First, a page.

Just the other night the Australian Senate passed a bill by one vote that heralds a new low for immigration policy in the country. That in itself is no real surprise considering the government in power, but the way in which it was done has me distraught, truly hurt, reeling from the immorality of how people who are ‘leading’ the country behave.
Refugee children that have been held in detention by the Australian government on Christmas Island, who have been begging in various ways to be released from conditions that involve not just uncertainty leading to mental instability, but also actual abuse (while in our care!) have been used as a bargaining chip for senators that were unsure of which way to vote on the legislation. The families, these children, were apparently given phone numbers to these ministers to beg them to pass this evil bill that will do no good for refugees in Australia, only casting more uncertainty than before upon an already broken people.
The Australian government, or at least senator Scott Morrison, ransomed children to achieve their own ends at grabbing for more power.
I could hardly bring myself to teach the day I found out. This news was soul destroying.
In the end it makes no difference if we feel bad about such a thing, if that feeling does not lead to action. But what on earth could I do?
What can a single person do?
What can a group working against this do (as such groups are present and supported) when working against a majority of people manipulated into thinking in such a fearful way as to justify the abuse of children and their use as political pawns? This is putting it strongly, but it is indeed what people support in their complacency.
I did find a way through this, but the feeling of horror has not left me and I am thankful for it. I am glad I have not been desensitised or that I feel I can simply pass this and these people by.
My act? My will?
To teach in such a way that the students I have do not pass other human beings by. That they can always relate to a person, that one they have never met, who is suffering over there; that they suffer another’s suffering. That the only thing that justifies the student’s pain for that other person, their empathy for that person, is their action – to do the work they have been given to do in the world.
Will I do this by sharing horrifying stories from around the world? Certainly not.
This is not appropriate.
The best I can do is to develop a deep understanding of my students; to observe them in such a way that I truly see them, that they feel seen, and to have thanks for their being with me in my class. In appropriate moments, I work with social situations in class that highlight my and their innate impulse to care – this I also feel to be important.
I can not help those children locked up in detention. I can witness and help my students.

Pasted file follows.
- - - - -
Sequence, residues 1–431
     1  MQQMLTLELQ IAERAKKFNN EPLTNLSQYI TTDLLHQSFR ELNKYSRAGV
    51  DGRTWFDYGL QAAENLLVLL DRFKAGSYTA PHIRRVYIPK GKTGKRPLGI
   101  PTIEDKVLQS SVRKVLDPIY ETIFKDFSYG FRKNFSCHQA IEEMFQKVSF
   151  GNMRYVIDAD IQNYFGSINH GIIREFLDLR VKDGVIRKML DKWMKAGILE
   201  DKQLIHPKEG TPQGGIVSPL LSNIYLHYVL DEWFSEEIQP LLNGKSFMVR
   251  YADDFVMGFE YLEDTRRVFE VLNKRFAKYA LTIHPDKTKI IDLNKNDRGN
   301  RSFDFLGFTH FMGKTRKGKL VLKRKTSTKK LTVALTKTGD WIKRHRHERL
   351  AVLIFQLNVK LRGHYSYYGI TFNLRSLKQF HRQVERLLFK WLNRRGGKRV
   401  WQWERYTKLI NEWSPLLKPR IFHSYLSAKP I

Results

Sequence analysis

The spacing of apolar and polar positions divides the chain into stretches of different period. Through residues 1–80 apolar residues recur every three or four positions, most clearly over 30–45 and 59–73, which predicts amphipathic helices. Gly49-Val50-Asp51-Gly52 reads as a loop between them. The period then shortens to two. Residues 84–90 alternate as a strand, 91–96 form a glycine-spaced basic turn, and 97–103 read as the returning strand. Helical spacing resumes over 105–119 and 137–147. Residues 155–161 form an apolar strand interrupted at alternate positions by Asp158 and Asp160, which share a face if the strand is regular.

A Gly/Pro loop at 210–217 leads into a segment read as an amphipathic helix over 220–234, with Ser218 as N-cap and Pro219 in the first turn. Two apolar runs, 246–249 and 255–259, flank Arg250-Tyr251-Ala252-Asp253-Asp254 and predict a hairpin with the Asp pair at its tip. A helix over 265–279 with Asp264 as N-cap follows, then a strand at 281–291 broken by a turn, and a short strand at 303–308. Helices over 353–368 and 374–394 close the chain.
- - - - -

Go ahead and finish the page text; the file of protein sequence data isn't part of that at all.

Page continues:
I feel the pain of the children on Christmas Island, I feel the injustice of the Australian government’s behaviour. I will to the best of my ability protect and be a champion to the children in my care, and others where possible. This is what I can do, what is currently within my reach, but I will not stop feeling or communicating my distress about how these people called ‘illegal immigrants’ by my government are being treated. Not to the children in my class, but to other adults. I hope this might spark others into action.
This legislation (among the terrible rest) is only a symptom of a western world that is broken – ruled by a dehumanising capitalism, justified by a economically addicted government and championed by a culture that does not look at itself, that is deeply asleep and enjoys the pills it is fed to stay that way. Morality, like faith, like goodness, like harmony and simplicity and basic human rights, have no solid ground in this tyranny, but are used as emotional tools; are paid lip service at best.
This whole thing must be uprooted, but it is important to remember the following, for which I will give a picture:
When removing weeds from a native forest, we need to take care not to ruin the topsoil, nor to kill any healthy native species. It is often best to work with areas that are less affected by weeds and restore those first, while thinning out thicker areas of weed gradually. In essence the focus should be on growing health in the soil and native plants, rather than killing the invasive species. This gives a stronger soil for more natives to grow, for health to return.
We all have the capacity to grow health in our lives and in our work. There is no quick fix, but there is need for a drastic end result. Leaps can be made, but not by destruction. Grow what works, restore some harmony, beauty, goodness, truth in any part of your life that you can manage.
It is not important in the end what we feel or think, but that it gives us purpose and will in what we do.